Fighting procrastination

Procrastination is a common struggle, but for individuals with ADHD and other learning disabilities, it can have a significant impact on daily life. With difficulty focusing, organizing tasks, and managing time, some might find themselves constantly putting off important assignments or tasks. Procrastination can lead to feelings of guilt, shame, and anxiety, as well as poor work performance. But there are simple ways to avoid procrastination, and ultimately improve quality of life.

  • Identify times during the day when you feel most effective, and do the most difficult tasks during those times.

  • Divide heavy tasks into smaller, achievable goals. Small steps make it easier to start a new activity.

  • Associate a pleasant task with a difficult one, to make the latter more enjoyable. 


10-minute strategy: When you feel the urge to procrastinate, try setting a goal of working for 10 minutes straight, regardless of how much progress you make. This simple action can often help you gather your thoughts and reduce your anxiety levels. By committing to just 10 minutes of focused work, you may find that you're able to break through your resistance and gain some momentum.


Quick tips to manage common distractions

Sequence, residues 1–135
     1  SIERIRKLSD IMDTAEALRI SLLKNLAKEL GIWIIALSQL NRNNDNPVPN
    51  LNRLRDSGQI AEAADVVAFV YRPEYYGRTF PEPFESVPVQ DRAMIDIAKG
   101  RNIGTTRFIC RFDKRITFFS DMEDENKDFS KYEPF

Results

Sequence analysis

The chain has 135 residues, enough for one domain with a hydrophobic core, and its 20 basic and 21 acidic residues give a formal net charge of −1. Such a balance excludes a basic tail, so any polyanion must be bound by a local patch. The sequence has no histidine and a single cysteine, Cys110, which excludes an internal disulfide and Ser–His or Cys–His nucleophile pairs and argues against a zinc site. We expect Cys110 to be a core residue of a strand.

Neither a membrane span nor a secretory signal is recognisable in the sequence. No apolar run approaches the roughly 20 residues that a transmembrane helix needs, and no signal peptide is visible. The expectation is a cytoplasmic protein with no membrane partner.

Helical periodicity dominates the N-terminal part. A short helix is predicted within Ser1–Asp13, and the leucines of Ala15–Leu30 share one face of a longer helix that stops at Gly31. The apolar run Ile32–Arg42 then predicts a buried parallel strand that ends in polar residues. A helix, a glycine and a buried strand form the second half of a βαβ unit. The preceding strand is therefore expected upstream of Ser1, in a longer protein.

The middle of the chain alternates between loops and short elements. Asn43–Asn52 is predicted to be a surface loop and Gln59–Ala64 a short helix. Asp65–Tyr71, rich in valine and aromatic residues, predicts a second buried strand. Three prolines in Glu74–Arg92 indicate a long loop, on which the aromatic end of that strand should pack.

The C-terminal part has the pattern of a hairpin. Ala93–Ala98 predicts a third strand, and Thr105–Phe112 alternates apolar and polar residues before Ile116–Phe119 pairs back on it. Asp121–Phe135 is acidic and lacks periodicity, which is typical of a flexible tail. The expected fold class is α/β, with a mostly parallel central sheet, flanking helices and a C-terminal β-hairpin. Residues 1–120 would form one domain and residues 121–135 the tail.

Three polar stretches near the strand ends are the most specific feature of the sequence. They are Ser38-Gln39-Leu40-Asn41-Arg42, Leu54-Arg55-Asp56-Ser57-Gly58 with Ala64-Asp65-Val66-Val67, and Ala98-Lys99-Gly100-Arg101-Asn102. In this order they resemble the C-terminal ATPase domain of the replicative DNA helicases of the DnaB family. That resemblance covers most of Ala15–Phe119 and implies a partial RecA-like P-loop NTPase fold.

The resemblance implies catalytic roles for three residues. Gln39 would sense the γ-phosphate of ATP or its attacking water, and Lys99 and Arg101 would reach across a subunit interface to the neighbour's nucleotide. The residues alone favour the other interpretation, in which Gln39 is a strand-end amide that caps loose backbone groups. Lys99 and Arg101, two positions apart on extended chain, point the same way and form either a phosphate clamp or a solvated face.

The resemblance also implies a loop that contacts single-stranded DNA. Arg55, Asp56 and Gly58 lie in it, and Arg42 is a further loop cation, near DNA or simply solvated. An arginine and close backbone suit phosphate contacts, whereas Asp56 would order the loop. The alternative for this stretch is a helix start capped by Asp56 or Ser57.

External factors

  • Work in a suitable room (peaceful location, secluded, well-lit).

  • Orient your desk to be less exposed to visual stimuli.

  • Reduce noise level by wearing headphones.

  • Turn off notifications.

  • Avoid lying down or being on the couch while working.

  • Keep your desk clear.

  • Have the tools you need available.

  • Reserve your workspace only for work.

  • Share your availabilities with colleagues to avoid being interrupted.

Internal factors

  • Take regular short breaks rather than a very long one.

  • Find out under what conditions you work best (e.g. time of day).

  • Break up your work into small, achievable goals.

  • Set limited goals for intensive work.

  • Reward yourself for the work done.

  • Keep a clock or a watch in sight to keep track of time.


Promote a healthy lifestyle with Dialogue

Concentration can easily be thrown off by factors like fatigue, illness, depression, lack of sleep, unhealthy eating habits, and consumption of substances like cannabis and alcohol.

If you're struggling to focus, it's time to take a closer look at your lifestyle and see if any adjustments need to be made. By cultivating healthy habits such as maintaining good sleep hygiene, eating a balanced diet, and staying physically active, you can give your concentration a much-needed boost. Don't let distractions hold you back from achieving your goals – take charge and make focus a top priority.

Discover how employers can choose Dialogue’s Wellness, EAP, and Mental Health+ programs to better support their organizations. 


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Topics: Health and Wellness

About the author

Midhat Zaman is a content strategist, marketer, and avid writer at Dialogue. She is deeply committed to helping HR leaders and employees effectively navigate workplace challenges. Midhat puts her love for great content to work with health and wellness in mind. Through insightful articles, comprehensive guides, and more, she aims to empower Canadians with the right support to improve their well-being.